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Nanga Parbat: Nardi and Co. again in Camp 3

Daniele Nardi in Camp 3

While the winter expedition teams at the eight-thousanders K2 and Manaslu have only just moved into their base camps, the Italian Daniele Nardi and his three companions on Nanga Parbat are in a more advanced phase. Today Daniele, the Brit Tom Ballard and the two Pakistani mountaineers Rahmat Ullah Baig and Karim Hayat ascended again to Camp 3 at 5,700 meters, directly below the Mummery Rib. Five days ago, the four climbers had deposited a tent there and then returned to base camp.

Date

15. January 2019 | 21:03

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Winter expeditions are on

Alex Txikon (l.) and Simone Moro in Lhukla

Several winter expeditions in the Himalayas and Karakoram started in the first days of the year. Two of the three climbers who had succeeded the first winter ascent of Nanga Parbat in 2016 met in Lhukla in Nepal, however now with different goals: The Spaniard Alex Txikon wants to tackle K2 in Pakistan, the last remaining eight-thousander to be climbed for the first time in the cold season, the Italian Simone Moro is drawn to Manaslu again. The 51-year-old and the South Tyrolean Tamara Lunger had failed on the 8167-meter-high mountain in western Nepal in 2015 because of the enormous snow masses of that winter. This year, according to the Kathmandu-based newspaper “The Himalayan Times”, Moro plans to climb with the Nepalese Pemba Gyalje Sherpa on the normal route without bottled oxygen. In order to acclimatize, they wanted to climb the 6,476-meter-high Mera Peak in the Khumbu region.

Date

4. January 2019 | 14:06

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40 years ago: Secret matter Cho Oyu Southeast Face

Edi Koblmüller on the summit of Cho Oyu in 1978

Only the spouses were in the know. The three Austrians Edi Koblmüller, Alois Furtner and Gerhard Haberl as well as the two Germans Herbert Spousta and Peter von Gizycki had agreed on strict secrecy. After all, the eight-thousander Cho Oyu was not open to climbers in Nepal in 1978. So the five climbers disguised themselves as trekking tourists and hiked to Gokyo. Their actual destination was a few kilometers behind: the 3,000-meter-high Southeast Face of the 8,188-meter-high Cho Oyu. “I was obsessed with this idea,” Alois Furtner, who reached the summit with Koblmüller on 27 October 1978, writes to me. The others turned around about 200 meters below the summit. “Friends of ours later called it a ‘century adventure’. Today I know that it was a very courageous undertaking,” recalls the now 70-year-old Furtner. “At that time I was so determined and focused that it had to happen. Just as a pregnant woman has to give birth to her child, I had to realize this plan in a similar way. And I succeeded.”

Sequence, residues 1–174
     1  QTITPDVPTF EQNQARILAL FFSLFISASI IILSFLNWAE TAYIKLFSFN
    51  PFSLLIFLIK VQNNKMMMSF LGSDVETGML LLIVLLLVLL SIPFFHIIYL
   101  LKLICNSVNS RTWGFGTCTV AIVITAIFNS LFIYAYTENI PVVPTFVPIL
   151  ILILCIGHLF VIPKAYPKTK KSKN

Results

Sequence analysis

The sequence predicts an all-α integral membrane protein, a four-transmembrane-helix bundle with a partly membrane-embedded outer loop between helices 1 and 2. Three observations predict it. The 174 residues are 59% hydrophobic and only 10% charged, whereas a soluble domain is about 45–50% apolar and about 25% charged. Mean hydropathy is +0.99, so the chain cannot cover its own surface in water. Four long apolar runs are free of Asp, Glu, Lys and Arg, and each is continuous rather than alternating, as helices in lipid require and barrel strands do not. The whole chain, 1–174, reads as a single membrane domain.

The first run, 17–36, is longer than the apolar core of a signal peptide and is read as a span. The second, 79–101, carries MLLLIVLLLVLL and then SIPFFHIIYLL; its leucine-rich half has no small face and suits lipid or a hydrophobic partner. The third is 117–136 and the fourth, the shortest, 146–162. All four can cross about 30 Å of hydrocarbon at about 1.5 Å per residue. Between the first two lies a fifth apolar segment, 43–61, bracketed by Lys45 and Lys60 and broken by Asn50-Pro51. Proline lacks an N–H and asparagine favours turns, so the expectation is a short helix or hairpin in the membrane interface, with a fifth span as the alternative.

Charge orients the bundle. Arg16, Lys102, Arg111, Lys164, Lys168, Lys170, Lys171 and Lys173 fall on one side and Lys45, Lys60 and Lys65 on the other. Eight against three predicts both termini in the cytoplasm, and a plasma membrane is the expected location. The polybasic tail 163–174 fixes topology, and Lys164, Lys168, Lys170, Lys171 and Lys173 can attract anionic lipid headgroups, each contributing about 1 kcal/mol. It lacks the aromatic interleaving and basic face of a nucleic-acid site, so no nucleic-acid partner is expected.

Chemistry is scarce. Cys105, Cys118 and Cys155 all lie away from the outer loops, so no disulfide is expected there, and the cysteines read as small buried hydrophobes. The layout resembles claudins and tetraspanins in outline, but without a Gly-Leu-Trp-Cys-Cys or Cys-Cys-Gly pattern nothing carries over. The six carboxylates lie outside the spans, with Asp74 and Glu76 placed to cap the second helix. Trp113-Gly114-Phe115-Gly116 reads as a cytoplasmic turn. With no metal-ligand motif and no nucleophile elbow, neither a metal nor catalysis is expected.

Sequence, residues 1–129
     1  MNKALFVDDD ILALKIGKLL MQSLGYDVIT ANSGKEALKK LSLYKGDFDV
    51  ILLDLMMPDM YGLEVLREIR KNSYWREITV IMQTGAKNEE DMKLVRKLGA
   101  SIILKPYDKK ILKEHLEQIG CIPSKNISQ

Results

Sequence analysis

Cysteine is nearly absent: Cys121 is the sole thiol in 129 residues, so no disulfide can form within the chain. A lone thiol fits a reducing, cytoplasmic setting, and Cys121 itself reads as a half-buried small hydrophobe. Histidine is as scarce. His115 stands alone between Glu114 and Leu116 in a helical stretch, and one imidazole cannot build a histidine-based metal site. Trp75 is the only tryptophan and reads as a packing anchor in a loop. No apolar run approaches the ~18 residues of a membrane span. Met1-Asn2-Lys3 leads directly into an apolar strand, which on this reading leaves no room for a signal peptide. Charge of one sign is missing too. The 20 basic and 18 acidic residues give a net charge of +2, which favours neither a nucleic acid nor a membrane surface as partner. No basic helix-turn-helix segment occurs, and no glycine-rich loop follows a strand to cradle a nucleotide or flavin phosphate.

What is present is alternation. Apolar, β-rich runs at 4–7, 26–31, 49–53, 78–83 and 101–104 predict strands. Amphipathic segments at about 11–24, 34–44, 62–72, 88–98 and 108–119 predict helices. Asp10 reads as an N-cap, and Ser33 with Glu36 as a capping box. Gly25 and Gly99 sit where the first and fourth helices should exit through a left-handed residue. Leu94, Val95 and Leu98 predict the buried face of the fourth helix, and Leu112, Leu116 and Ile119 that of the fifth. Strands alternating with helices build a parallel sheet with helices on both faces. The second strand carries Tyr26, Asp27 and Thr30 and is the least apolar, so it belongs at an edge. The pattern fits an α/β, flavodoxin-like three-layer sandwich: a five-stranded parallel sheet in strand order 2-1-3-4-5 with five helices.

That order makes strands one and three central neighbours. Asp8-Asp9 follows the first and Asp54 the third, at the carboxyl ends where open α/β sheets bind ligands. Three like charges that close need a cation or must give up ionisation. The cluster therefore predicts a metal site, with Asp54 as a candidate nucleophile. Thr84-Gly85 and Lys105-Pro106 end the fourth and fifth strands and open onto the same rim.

Date

30. December 2018 | 14:10

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“School up!”: Symbol of hope

If I could write a wish list for Christmas now, it would say: “Please don’t forget the children of Thulosirubari!” For two years now, the German aid organization “Nepalhilfe Beilngries” has been building the new school for more than 500 children and young people in the small mountain village about 70 kilometers east of the Nepalese capital Kathmandu. This was made possible by your donations for “School up!”, the aid project that I launched together with the professional mountaineers Gerlinde Kaltenbrunner and Ralf Dujmovits after the devastating earthquake in Nepal in 2015. The money we collect ends up in Thulosirubari and is used exclusively for the new construction.

Date

19. December 2018 | 17:21

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David Lama after his solo first ascent of Lunag Ri: “Most intense time”

The last meters to the summit of Lunag Ri (picture taken by a drone)

“I traverse the last few metres over wind packed snow that sticks to the granite on the Nepalese side of the mountain. Even though my head is full with the impressions that I absorb every moment up here, my thoughts are somehow empty. The knowledge that I must not make any mistake is constantly present and dominates all other feelings. It results in an intense, almost exhausting concentration – a feeling I know only from other solo ascents in the mountains,” Austrian top climber David Lama writes on his website about the moment when the 28-year-old was the first to set his foot on the summit of the 6,907-metre-high Lunag Ri about a month ago (see video below). The technically difficult mountain is located in the Rolwaling Himal on the border between Nepal and Tibet, more than 35 kilometers as the crow flies northwest of Mount Everest. “Having arrived at the very front of the summit spur, I stand still. It feels strange that suddenly I have no more further to go. I sink down to my knees, tired and happy, even though I wouldn’t be able to express it that way right now. Briefly I think about Conrad. He is the only one I would have liked to share this moment with.”

Date

27. November 2018 | 13:06

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David Lama: Lunag Ri, third take!